It is the time in France for grapes to be picked, loaded into slow tractors that you often end behind of when driving, and taken to the closest wine co-op for processing. Our neighbors have plots of vines and I was hoping to help cut some grapes by hand but somehow it never happened. I am sure it is very hard work. Anyway, the other day I heard a tractor putt by and grabbed my camera to get some photos of grapes being cut from the vines by machine, the usual way for making alot of wines.


Not too clear as the sun was shining into my lens.


View from the side


The grapes are collected into two containers on the side of the processor and then dumped into a waiting tractor.


A common view on the roads during the vendage season

The next day I was on my way to Aix when I passed the wine co-op which had alot of activity going on. Usually, the doors are down and the only thing to be seen is cars of customers there to buy wine. But this day I saw six or so tractors with wagons full of grapes waiting to be processed. I parked and got out of my car to take photos. They were all very nice and friendly and didn’t mind my interest at all. One of the drivers even gave me some grapes to taste which were very sweet and flavorful and will, I imagine, lead to some good wine. The grapes are dumped into a huge container behind which are women entering information into computers. There was an open grid on the floor and you could see down two stories where the grapes were crushed and then sent on to holding tanks.


Grapes being dumped into the holding container


This is the man that gave me a grape to taste about to dump his load of grapes into the holder.


The co-op where they have been doing business since 1924


I followed the smell of grapes to behind the co-op and found the grape skins and leaves coming out of a pipe onto the ground. There is a smart woman who wondered if something could be done with the grape skins and seeds and came up with some creams for the skin called Caudale. It is very good stuff with an incredibly wonderful smell that can be bought in French pharmacies. There is also a Caudale spa outside of the city of Bordeaux.

I enjoy trying the wines of Provence and the experience of seeing how it is produced after watching it grow in local vineyard really adds to the pleasure of it all. It is great to sit out on our patio with a meal and hold up a glass of wine knowing which vineyard it came from–part of the joy of living in France.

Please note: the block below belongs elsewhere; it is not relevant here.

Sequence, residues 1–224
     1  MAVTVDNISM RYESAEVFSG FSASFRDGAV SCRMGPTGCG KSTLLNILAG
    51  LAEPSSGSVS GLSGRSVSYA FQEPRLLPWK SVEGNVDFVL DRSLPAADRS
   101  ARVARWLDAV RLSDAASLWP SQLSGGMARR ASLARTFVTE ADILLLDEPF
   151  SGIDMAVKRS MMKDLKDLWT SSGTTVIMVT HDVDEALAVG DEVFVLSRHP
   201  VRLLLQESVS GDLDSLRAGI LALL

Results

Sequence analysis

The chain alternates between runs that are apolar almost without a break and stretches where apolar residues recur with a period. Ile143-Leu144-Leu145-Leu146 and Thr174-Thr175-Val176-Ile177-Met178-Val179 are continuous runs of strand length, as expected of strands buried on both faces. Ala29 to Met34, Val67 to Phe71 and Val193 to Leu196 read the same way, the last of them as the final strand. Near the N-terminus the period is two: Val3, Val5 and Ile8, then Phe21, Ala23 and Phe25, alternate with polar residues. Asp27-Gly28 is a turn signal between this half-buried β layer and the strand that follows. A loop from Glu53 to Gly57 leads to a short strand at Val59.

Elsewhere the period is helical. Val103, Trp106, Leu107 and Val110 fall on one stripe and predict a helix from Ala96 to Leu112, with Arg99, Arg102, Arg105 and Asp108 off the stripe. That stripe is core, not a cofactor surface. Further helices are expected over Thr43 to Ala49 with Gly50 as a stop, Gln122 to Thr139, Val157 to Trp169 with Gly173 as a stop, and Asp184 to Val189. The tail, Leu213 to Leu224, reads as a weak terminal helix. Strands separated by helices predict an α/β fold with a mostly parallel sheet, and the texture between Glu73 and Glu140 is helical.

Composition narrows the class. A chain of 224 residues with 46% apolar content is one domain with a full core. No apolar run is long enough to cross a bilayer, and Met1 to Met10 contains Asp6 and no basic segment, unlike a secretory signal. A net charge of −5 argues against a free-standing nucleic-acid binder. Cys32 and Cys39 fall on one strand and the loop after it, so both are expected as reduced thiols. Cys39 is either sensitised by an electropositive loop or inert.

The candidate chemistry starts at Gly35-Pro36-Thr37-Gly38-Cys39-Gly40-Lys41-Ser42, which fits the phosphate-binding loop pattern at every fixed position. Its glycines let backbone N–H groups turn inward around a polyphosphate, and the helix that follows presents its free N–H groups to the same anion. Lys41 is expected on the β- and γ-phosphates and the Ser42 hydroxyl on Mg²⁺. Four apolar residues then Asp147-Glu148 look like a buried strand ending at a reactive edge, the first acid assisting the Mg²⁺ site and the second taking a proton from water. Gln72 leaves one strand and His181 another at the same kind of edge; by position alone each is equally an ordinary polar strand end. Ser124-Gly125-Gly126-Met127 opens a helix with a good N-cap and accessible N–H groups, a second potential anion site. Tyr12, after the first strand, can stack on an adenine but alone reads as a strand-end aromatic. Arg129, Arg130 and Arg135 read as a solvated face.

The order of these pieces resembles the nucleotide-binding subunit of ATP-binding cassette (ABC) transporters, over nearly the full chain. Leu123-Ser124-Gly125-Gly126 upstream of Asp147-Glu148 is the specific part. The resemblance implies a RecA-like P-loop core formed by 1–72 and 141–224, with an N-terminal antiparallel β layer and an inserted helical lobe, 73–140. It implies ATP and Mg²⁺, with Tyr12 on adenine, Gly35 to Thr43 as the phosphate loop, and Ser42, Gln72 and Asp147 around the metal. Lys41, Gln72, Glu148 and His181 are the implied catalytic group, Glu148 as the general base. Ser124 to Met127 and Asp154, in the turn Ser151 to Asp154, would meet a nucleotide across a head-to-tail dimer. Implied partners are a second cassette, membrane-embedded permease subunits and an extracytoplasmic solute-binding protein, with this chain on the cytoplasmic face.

9 thoughts to “Vendage”

  1. Oooh, Linda! Fabulous! I can almost smell those grapes in that huge container. Aren’t you the lucky one to happen by at that particular time…avec votre appareil de photo!!

    Would you consider putting just a short entry–like a teaser–on as a summary of these events, then put a link to your site? It would be fun for wine story readers to see some real grapes being made into real wine.

    Think about it…if you don’t have time, I could do the teaser and send them over to your site. Let me know what you think.

    Meilleurs vœux!

  2. Great shots Linda, I have been meaning to get my camera out when ever I see them out there and you got exactly the shots that I wanted…so now I can enjoy yours!! It is a lovely time of the year.

  3. Thank you so much for this, Linda! I never seem to be able to make it to France’s wine regions at just the right time for the vendange. This is fascinating—including the information about how Caudalie got started.

  4. Wow, I wonder how, exactly, you can cut grapes with a huge machine like that — without smashing the grapes!

    Beringer Winery in Napa, CA had an interesting story about the grape skins and left-overs. During Prohibition, they (and one other winery in CA) were the only 2 wineries allowed to continue producing wine — for medicinal and religious uses only. So what they did was, take all the skins and dregs and mash them into bricks. Which they then could sell to anyone who would buy them. What did people do with those grape-skin bricks? Made their own illegal hooch, that’s what!

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